Figure 6(b) illustrates the mechanical configuration for implementing the distributed torsions measurement. A 1.2 m long helical MCF is equally divided into three segments by four rotators, namely A, B, C, and D. To apply the distributed torsions, Rotator A and C were fixed and did not rotate. Only Rotator B and D were rotated to different angles in both CW and CCW directions, and the experimentally applied torsions of all segments are listed in Table 1. In case 1, only Rotator B is rotated by 720 degrees in CCW direction, and hence the 1^{st} segment suffered a torsion of −31.4 rad/m in CCW direction, while the 2^{nd} segment was exposed to the oppositely signed rotations, i.e. 2^{nd} segment in a CW direction of 31.4 rad/m. In cases of 2, 3, and 4, the rotator B was rotated by 1080 degrees in CCW direction, and hence the 1^{st} and 2^{nd} segments were twisted by a torsion of −47.1 rad/m and 47.1 rad/m in CCW and CW directions, respectively. In later 3 cases, rotator D was sequentially rotated by 720, 1080, and 1800 degrees in a CW direction, giving a torsion of 31.4 rad/m, 47.1 rad/m and 78.5 rad/m in 3^{rd} segment, respectively.

Figure 8 illustrates the measured wavelength shifts along the 1.2 m long helical MCF using the OFDR system. Firstly, it is clear to identify the torsion direction of each sensing segment according to the sign of wavelength shift. The positive wavelength shift presents a torsion in CW direction, and vice versa. Secondly, we obtained the measured torsion by inserting the wavelength shift into Eq. (9), and the sensitivities of *S* are 1.096 and 0.604 pm/(rad/m) corresponding to CW and CCW directions. Finally, the calculated torsions are also listed in Table 1 for comparison with the prior imposed torsion values, which proves that the measured torsions are in a good agreement with the mechanically preset values, and the maximum fluctuation is 3.51 rad/m. Additionally, it is interesting to find that there is always a wavelength dip approaching to zero at the location of Rotator C. This phenomenon is in accordance with the fact that a section fiber around 1 cm long was fixed by glues at all rotators and did not produce any torsion. Therefore, the wavelength approaches to zero at the location of Rotator C. The discrimination of the short-untwisted section fiber at the Rotator C benefits from the high spatial resolution of the OFDR system, i.e. 9.4 mm separation between adjacent sensing points. It is expected to obtain a higher spatial resolution by increasing the wavelength sweeping range.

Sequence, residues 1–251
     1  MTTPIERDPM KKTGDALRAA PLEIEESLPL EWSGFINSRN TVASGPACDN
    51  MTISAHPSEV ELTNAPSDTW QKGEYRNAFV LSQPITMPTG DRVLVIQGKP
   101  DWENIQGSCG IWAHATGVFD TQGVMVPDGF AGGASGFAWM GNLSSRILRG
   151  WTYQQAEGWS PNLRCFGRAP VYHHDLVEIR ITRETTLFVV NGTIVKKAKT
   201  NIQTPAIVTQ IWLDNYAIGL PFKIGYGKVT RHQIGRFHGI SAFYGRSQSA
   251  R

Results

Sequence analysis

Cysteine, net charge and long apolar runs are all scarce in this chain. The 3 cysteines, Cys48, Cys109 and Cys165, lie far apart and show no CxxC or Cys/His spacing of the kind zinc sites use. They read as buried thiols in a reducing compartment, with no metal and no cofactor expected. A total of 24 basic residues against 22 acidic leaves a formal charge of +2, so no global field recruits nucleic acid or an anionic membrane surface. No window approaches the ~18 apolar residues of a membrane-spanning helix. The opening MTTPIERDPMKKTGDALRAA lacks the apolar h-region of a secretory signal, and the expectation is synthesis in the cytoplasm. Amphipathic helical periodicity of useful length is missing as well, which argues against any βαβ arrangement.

## 5. Discussion

As presented above, we have demonstrated a promising, fully distributed torsion sensing configuration with twist direction discrimination, even though the experimental torsion sensitivity is relatively low and nonlinear in the CW and CCW directions. In this section, we will discuss the sensitivity and the capability of recognizing the torsion direction. Firstly, the torsion sensitivity is directly related to the pitch of the helical MCF, according to Eq. (10). We tested the torsion sensing performance by using our post-processed fiber with helical pitch of 6 mm. Like the previous experimental results of the fiber with a helical pitch of 15.4 mm, we can identify the torsion direction through the direction of the wavelength shift. The important difference is that the wavelength shift of the fiber with a pitch of 6 mm exhibits a symmetrical shift between CW and CCW torsion directions, as shown in Fig. 9(a). Furthermore, the wavelength shift has a linear response in the whole torsion range from −36 to 36 rad/m. The sensitivity is around 1.9 pm/(rad/m), as shown in Fig. 9(b), agreeing well with the theoretical calculation of 1.6 pm/(rad/m) in Eq. (10).